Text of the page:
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**FINAL**

NO. COA98-1309

NORTH CAROLINA COURT OF APPEALS

Filed: 2 November 1999

STATE OF NORTH CAROLINA v. VERNON R. OWENS


1.    Criminal Law--joinder--sex offenses--multiple victims--improper but not prejudicial

    Although the trial court erred in permitting joinder of all offenses in a case involving defendant's numerous sex offenses against his girlfriend's three minor daughters because of the length of time between offenses and the differing nature of most of the individual acts indicating the charged acts did not constitute a single scheme or plan under N.C.G.S. § 15A-926(a), defendant was not prejudiced since: (1) evidence of the other molestations at the trial of any one offense would have been admissible pursuant to N.C.G.S. § 8C-1, Rule 404(b); and (2) there is no evidence defendant was hindered or deprived of his ability to defend one or more of the charges.

2.    Evidence--other offenses--uncharged instances of sexual abuse--common plan or scheme

    The trial court did not err in admitting the testimony of a fourth sister in a case involving defendant's numerous sex offenses against his girlfriend's three minor daughters because the evidence of uncharged instances of sexual abuse by defendant involving the fourth sister when she was a minor was relevant under Rule 404(b) to show a common plan or scheme.

3.    Indecent Liberties--sufficiency of the evidence

    In a case involving defendant's numerous sex offenses against his girlfriend's three minor daughters, the trial court did not err in denying defendant's motion to dismiss the three indecent liberties offenses, based on an incident where all three victims testified they watched as defendant stood in a doorway masturbating, because a reasonable juror could conclude from the evidence that defendant knew the girls were in the room.    Appeal by defendant from judgments entered 15 April 1998 by Judge William C. Griffin in Currituck County Superior Court. Heard in the Court of Appeals 26 August 1999.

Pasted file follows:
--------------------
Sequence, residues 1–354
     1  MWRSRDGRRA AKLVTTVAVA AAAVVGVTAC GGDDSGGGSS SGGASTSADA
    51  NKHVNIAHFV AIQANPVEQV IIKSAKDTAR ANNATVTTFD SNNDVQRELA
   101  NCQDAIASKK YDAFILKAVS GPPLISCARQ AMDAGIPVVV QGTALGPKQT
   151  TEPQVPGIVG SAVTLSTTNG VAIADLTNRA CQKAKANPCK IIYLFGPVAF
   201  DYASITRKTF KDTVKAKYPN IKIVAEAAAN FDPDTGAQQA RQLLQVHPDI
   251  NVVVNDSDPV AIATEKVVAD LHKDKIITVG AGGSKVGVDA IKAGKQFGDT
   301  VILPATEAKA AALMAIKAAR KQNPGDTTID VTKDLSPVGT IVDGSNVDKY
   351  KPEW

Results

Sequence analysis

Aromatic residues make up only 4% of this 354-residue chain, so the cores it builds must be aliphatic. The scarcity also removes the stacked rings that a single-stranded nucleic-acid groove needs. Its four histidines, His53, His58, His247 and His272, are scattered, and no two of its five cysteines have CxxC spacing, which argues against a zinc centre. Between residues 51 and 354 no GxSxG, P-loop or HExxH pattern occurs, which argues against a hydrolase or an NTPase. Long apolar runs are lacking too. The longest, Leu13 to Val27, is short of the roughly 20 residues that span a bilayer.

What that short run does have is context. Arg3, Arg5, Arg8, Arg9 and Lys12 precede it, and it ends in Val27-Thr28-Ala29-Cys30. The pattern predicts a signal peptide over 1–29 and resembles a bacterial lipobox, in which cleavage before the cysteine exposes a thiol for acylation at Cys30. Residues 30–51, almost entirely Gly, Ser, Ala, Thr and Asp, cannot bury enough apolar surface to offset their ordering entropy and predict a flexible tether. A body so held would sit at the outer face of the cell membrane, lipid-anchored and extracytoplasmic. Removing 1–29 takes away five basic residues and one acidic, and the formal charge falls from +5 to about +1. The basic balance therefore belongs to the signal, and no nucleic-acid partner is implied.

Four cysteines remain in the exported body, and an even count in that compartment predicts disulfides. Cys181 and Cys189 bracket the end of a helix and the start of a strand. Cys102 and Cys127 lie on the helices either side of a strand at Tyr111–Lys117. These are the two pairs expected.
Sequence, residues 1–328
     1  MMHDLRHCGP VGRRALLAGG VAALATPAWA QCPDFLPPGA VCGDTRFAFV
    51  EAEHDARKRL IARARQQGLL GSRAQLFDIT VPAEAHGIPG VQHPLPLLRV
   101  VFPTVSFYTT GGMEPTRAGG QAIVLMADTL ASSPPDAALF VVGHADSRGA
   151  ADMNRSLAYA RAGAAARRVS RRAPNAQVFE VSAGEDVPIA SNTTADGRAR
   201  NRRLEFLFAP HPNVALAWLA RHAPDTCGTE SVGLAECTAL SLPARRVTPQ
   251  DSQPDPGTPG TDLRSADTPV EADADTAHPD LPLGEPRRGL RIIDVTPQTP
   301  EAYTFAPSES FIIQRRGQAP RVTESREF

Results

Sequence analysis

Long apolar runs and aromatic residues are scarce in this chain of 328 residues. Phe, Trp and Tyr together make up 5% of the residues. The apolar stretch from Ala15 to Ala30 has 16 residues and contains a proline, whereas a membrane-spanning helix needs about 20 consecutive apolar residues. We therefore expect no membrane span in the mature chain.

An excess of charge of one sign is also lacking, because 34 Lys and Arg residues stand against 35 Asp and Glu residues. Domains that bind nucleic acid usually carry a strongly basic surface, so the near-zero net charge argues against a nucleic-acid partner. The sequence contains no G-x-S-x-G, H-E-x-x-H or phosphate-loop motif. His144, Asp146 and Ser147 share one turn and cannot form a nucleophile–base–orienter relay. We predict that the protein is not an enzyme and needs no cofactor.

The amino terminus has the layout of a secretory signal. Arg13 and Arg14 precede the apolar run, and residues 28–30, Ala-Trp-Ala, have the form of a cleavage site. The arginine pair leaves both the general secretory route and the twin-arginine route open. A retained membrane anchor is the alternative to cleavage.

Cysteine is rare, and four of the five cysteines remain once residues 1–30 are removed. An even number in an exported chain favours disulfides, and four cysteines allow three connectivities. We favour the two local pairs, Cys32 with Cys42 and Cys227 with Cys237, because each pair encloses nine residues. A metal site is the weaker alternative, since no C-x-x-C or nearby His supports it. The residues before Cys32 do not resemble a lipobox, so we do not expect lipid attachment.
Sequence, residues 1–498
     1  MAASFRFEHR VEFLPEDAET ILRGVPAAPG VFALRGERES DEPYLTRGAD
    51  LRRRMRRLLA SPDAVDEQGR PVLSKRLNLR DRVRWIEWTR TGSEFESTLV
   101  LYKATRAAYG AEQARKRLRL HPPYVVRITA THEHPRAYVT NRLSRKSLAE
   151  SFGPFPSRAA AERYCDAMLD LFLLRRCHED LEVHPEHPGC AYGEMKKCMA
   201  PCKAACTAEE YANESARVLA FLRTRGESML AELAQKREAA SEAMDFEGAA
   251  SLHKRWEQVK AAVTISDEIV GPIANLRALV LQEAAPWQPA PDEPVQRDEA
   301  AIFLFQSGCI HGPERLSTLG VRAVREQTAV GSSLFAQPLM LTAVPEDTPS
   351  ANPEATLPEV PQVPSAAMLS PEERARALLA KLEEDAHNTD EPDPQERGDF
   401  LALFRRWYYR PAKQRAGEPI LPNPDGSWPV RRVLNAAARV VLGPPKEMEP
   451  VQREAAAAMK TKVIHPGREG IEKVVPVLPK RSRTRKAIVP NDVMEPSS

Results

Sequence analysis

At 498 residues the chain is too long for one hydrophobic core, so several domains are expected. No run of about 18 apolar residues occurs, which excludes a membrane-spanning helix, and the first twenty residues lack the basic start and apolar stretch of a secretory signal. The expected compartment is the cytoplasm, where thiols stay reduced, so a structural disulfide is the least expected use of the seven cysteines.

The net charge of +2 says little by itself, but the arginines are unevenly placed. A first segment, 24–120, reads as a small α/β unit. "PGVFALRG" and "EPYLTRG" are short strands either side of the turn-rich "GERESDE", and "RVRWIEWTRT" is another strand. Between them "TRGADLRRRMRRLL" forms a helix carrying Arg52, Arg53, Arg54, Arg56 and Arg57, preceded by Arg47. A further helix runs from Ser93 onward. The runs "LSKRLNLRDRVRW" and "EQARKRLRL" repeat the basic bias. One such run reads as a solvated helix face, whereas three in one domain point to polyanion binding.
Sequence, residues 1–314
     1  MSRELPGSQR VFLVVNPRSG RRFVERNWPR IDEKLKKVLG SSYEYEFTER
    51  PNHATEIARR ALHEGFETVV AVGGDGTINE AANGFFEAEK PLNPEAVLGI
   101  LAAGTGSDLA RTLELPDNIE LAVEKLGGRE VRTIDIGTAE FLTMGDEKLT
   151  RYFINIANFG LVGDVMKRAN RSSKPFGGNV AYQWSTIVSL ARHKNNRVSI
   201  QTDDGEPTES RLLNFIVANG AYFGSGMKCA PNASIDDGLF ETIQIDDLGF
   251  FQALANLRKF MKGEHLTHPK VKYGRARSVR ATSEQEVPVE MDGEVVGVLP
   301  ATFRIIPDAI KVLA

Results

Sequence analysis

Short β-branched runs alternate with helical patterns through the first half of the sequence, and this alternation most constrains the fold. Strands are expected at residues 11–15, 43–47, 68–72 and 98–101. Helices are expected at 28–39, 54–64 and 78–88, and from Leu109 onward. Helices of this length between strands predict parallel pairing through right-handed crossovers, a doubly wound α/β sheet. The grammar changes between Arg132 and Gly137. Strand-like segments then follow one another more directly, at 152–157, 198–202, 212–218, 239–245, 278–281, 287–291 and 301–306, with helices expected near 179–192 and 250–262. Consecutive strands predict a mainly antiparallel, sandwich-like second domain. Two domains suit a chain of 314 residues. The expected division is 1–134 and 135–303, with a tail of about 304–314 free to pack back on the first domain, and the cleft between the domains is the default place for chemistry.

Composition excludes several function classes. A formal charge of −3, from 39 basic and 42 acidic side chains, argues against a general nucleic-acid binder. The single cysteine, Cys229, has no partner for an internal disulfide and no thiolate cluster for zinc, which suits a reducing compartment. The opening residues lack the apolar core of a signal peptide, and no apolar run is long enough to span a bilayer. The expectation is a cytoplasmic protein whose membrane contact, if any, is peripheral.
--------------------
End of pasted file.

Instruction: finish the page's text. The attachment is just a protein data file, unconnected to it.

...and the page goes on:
Michael F. Easley, Attorney General, by James P. Erwin, Jr., Special Deputy Attorney General, for the State.

    Gladden, Rose, Jones & Harrison, by Randy L. Jones, for defendant-appellant.

    EDMUNDS, Judge.

    Defendant Vernon Owens was indicted for committing numerous sex offenses against his girlfriend's three minor daughters. As to the eldest daughter, defendant was charged with committing first-degree statutory rape, indecent liberties, and first-degree sexual offense in July 1990; with taking indecent liberties in August 1996; and with taking indecent liberties in April 1997. As to the middle daughter, he was charged with first-degree sex offense and taking indecent liberties in June 1994. As to the youngest daughter, he was charged with first-degree sex offense and taking indecent liberties between August and December 1994, and with taking indecent liberties in August 1996. Over defendant's objection, the cases were joined for trial.